Gripping News

The coming-to-grips part post-diagnosis is a longish, interesting journey. There’s the initial relief (okay, I’m not lazy-stupid-crazy, I just have ADHD): UP!

Then you become aware of the Nomothetic Fallacy, realise that knowing what the issue is and naming it doesn’t resolve it. In some ways, things seem worse because you realise that no amount of “trying harder” will make it go away — it’s a “life sentence”: DOWN!

Then you decide to tackle things head-on, using your newly-found knowledge to circumvent problems and utilise your strengths: UP!

Giddy with all the improvements, you enter the proclaiming phase, now explaining to family and anyone else important — and then you find that there are some people who “don’t believe in it”, some don’t care, some don’t see the improvements, some of them don’t really understand, and a few refuse to change how they relate to you, et cetera: DOWN!

Faced with this realisation that you can’t change other people, and you can’t change your past, you then realise that what you can change is your views of how you relate to people and to your past.

This is the long-and-bumpy stage. It takes a while to sort out a gazillion hidden assumptions piled up over the years, and to re-examine events with the new understanding. This is the great part. You now have a better idea of who and what you are. UP!

Furthermore, you find you’re not alone. Welcome home.


Stuck. Off. Transfixed. Whatever you want to call it.

My attention was unexpectedly snagged by sight of something on the kitchen side table. The red cap to a Sharpie, a permanent marker with a pale ash grey barrel. Next to it was a black-capped Sharpie.

It was as though I was see RED for the first time again. Read the rest of this entry »

More than an uncomfortable trend

I shouldn’t read the news before breakfast — it’s bad for the happy digestion of my food. These Acts, Bills and Executive Orders keep piling up. It reminds me of the scene in Harry Potter and the Order of the Phoenix when Professor Dolores Umbridge took over as Head Master, and the walls of Hogwarts were being smothered in edicts. The latest item is just one in many, which creates a more than uncomfortable trend. It’s now a disturbing reality. Let’s see, now we have: Read the rest of this entry »

This is a very short post

I can do it, but, what’s the point?

Buying Citizenship

I just got back from an “open house” hosted by my former uni. Happened to get some nice insect photos along the way, which pleased me. But I had an annoying experience talking to a researcher who’d recently been made a full professor. He told me about his students, and how they’d graduated and gone off and gotten jobs. I mentioned that over a year later, I was still looking for a job that reflected my post-graduate degree. What, he asked me, hadn’t I been applying for This job and That job? Yes, I had, I replied. Once again I had that bewildering sense, the vertigo of the psyche, where it seems like everyone else graduates and goes off to get gainful employment.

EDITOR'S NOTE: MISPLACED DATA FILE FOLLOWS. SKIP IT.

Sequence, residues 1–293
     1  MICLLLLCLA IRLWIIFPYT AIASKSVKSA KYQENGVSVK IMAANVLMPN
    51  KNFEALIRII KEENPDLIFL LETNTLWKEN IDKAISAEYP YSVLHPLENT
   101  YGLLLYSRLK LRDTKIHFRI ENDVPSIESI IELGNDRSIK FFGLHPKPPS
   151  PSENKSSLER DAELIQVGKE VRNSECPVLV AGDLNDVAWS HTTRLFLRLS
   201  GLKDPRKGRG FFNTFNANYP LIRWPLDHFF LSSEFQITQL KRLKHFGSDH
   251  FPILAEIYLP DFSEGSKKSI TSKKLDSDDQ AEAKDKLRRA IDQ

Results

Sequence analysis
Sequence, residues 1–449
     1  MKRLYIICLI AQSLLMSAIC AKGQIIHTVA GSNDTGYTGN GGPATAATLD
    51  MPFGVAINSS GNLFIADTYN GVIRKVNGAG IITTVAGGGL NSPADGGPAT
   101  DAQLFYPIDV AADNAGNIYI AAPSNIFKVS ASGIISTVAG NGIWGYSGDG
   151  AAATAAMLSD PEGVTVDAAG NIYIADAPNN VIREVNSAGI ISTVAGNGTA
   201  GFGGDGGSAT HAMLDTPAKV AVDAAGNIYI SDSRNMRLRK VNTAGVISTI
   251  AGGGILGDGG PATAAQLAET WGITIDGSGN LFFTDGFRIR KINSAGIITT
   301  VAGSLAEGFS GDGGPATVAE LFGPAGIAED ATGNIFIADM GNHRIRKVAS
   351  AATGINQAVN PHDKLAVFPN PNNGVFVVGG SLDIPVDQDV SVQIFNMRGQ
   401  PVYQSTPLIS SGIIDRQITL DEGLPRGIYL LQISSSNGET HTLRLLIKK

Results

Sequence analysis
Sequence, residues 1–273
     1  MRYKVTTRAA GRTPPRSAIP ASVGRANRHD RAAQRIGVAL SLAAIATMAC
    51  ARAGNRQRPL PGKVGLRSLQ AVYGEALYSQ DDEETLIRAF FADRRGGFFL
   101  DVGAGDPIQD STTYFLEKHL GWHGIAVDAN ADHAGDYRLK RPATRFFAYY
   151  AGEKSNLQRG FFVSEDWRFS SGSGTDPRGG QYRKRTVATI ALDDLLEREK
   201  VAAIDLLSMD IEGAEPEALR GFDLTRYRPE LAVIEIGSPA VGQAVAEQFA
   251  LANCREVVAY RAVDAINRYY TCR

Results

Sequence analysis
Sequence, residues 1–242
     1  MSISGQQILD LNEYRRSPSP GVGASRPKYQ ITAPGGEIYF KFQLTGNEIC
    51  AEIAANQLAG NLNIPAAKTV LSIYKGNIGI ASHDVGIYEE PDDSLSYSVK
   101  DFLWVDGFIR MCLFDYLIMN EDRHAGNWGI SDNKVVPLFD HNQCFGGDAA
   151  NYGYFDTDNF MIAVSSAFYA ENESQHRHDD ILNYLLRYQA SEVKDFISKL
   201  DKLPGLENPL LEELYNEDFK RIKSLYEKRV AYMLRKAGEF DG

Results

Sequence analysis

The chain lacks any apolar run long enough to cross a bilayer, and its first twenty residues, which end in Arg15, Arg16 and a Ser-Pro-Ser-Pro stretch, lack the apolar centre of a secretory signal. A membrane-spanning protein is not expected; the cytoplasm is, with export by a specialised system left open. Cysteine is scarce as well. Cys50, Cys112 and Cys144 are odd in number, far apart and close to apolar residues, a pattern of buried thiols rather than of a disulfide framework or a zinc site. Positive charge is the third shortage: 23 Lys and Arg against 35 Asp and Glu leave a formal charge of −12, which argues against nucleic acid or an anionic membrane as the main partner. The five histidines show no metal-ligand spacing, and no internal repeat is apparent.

He couldn’t understand my dilemma. There were jobs out there (obviously, if his graduate students had been getting them). Unstated, but staining the tone of his questions, was the disdain of what was wrong with [me] that I couldn’t get a job? I ended up feeling like an unemployable idiot.

I’m not of course — actually, I have three different jobs. Put them together, and I have something almost like a full-time job. I get excellent employee reviews on my jobs. But it’s still patchwork employment at low pay. Jobs are not a given, under any economic circumstances. Sure his students got jobs — but for every person who does get the job for which they applied, there’s a score or more of other people who didn’t get that job. And despite my academic achievements (completed with great struggle against health issues), in the realm of employment I have “failed” to succeed at the appropriate performance levels expected for someone of my social station. I’m bidding too low in the marketplace for citizenship. Read the rest of this entry »

Dear Inspired,

You said you found me to be “such an inspiration” because I work with people who have special needs, and because I have to deal with so many things myself.

I’m not sure why you find me so damn “inspiring”, Read the rest of this entry »

Good design for the 21st century

Wow, talk about more functional design! A spacesuit that doesn’t look like you’re wearing horribly cumbersome elephant’s pyjamas or a really cheesy robot costume. The new BioSuit, designed by MIT astronautics professor Dava Newman, gives the wearer greater flexibility, mobility, and comfort, all very important factors when spending hours doing EVA (ExtraVehicular Activity = spacewalk) work building the International Space Station and other tasks. Less cumbersome also means that a person can move more naturally, which is simply good ergonomics; wearing the suit will be less fatiguing and straining to the body. (More information about the suit design at her lab’s Web site.) Personally, I would think all that snug pressure would be comforting as well. That it looks spiffy too is just the icing on the cake.

(Is it just me, or does that also look like a great design for fencing gear? And is that a Henry Moore sculpture she’s perched on?)

Can you sue your fairy godmother for malpractice?

I always thought it would be cool to have a superpower. You know, be able to fly, be invisible, walk through walls, be utterly graceful … impossible things like those.